155 F3d 762 Arrow Electric Company Inc v. National Labor Relations Board

155 F.3d 762

159 L.R.R.M. (BNA) 2232, 136 Lab.Cas. P 10,248

ARROW ELECTRIC COMPANY, INC., Petitioner/Cross-Respondent,
NATIONAL LABOR RELATIONS BOARD, Respondent/Cross-Petitioner.

Nos. 97-5734, 97-5951.

United States Court of Appeals,
Sixth Circuit.

Argued July 31, 1998.
Decided Aug. 19, 1998.*

Robert J. Schumacher (argued and briefed), Schumacher & Booker, Louisville, KY, for Petitioner/Cross-Respondent.

Aileen A. Armstrong (briefed), Dep. Asso. Gen. Counsel, Frederick C. Havard (briefed), Sonya Spielberg (argued and briefed), National Labor Relations Board, Washington, DC, for Respondent/Cross-Petitioner.

Before: JONES, RYAN, and MOORE, Circuit Judges.


MOORE, Circuit Judge.

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Arrow Electric Company, Inc. ("Arrow"), the Petitioner and Cross-Respondent in this action, seeks review of a decision and order of the National Labor Relations Board (the "Board") finding that Arrow violated the National Labor Relations Act ("NLRA" or the "Act") by discharging four employees who walked off the job to protest the actions and attitude of their supervisor. The Board cross-petitions for enforcement of its order. Arrow claims that the walkout is not protected activity under § 7 of the NLRA, which provides employees with the right to engage in concerted activity for certain purposes; and alternatively, that the employees were not discharged for the protected activity in violation of § 8(a)(1) of the Act, which prohibits interference with the above rights, but instead for violating established company policy by leaving work. Because substantial evidence supports the Board's finding that Arrow terminated these four employees in response to the walkout in violation of the NLRA, we DENY Arrow's petition and ENFORCE the Board's order.


* The essential facts, as found by the administrative law judge (the "ALJ") and adopted by the Board, are not in dispute. Robert Franklin, Kathleen Jackson, Kevin Simms, and Evan Grider were fired by Arrow Electric Company on February 27, 1996. In the weeks preceding their termination, these four employees had significant problems with one of their supervisors, Sonny Collins. When present at the job site, Collins supervised their assigned project, which involved installing electrical work and mounting televisions at a high school. In the more common case of Collins's absence, Robert Franklin supervised. The Field Supervisor for the project, Donald Jeffries, held two meetings in mid-February with the four employees in order to air their grievances about Collins. Collins himself attended only the second meeting. The complaints centered around Collins's belligerent attitude, his disrespectful and demeaning words to the employees, and specific instances of threatening to hold over a paycheck and "sneaking around" the site to eye the employees and comment negatively on how they were doing their jobs. Collins apologized for his conduct in this meeting and pledged to "do better," and Jeffries told the employees to come to him if there were any more problems.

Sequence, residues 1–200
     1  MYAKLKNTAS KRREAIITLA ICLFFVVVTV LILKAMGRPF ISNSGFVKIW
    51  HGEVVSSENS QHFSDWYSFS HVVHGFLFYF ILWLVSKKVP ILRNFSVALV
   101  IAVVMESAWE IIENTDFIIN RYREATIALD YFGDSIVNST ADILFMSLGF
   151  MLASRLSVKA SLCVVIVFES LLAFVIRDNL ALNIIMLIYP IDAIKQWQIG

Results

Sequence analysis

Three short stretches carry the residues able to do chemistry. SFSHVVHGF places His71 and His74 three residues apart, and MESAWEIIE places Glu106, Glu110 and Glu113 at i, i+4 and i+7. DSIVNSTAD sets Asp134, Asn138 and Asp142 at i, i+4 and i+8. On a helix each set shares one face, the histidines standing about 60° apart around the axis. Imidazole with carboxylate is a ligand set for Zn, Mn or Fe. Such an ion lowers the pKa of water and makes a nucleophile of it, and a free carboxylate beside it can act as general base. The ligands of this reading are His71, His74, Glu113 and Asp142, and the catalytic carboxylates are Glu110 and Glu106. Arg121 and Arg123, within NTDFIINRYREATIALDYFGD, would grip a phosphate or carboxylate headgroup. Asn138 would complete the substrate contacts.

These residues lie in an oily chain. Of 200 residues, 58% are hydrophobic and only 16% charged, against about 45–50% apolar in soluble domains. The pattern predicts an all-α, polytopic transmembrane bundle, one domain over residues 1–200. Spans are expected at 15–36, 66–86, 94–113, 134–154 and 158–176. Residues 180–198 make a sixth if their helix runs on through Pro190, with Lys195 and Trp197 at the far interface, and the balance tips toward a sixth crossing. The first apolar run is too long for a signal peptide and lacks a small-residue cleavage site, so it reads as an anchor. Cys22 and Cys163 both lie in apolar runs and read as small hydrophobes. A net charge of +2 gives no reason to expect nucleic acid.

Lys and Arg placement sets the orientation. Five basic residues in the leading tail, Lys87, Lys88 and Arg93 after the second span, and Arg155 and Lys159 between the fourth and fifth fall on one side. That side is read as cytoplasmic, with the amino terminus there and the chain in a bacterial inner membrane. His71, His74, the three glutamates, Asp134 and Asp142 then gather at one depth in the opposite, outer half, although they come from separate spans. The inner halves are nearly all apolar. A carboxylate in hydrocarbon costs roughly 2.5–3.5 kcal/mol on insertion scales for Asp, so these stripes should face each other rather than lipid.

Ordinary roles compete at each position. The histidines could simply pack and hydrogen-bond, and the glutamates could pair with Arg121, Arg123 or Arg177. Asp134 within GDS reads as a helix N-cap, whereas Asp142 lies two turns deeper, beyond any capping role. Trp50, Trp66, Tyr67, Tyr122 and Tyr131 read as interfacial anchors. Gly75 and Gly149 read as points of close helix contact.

The next week, the problems resurfaced. Collins and Franklin spent half of the shift on February 22 in an argument about which mounting device to use for the televisions. The following day Collins arrived about an hour into the shift, abruptly reassigned Jackson and Simms, told Grider to perform a job alone that Grider considered safe only with two people, and informed Franklin in writing (refusing to speak to Franklin directly) to mount the televisions Collins's way. Cognizant of Jeffries's statement that they should come to him with future problems, the employees decided to contact him. Their attempts to reach him by radio, phone, and pager were unsuccessful, so they finally left the work site and drove to the shop. There, after discovering that Jeffries was not present, the employees each met individually with Arrow's personnel director, Jessica Thompson, and her supervisor. Each employee explained the problems they were having with Collins and the impact this was having on their productivity, stating that they could not return to the site if Collins remained in charge. Thompson told them to return to the shop on Monday morning, at which time they filled out individual questionnaires about the events on Friday, February 23. On Tuesday, February 27, they were each given termination letters, which categorized "leaving the jobsite without notice" on Friday, February 23, as "Neglect of Duty" under company rules, subjecting them to termination. J.A. at 120-46 (Gen. Couns. Ex. 8-15, Questionnaires and Termination Letters).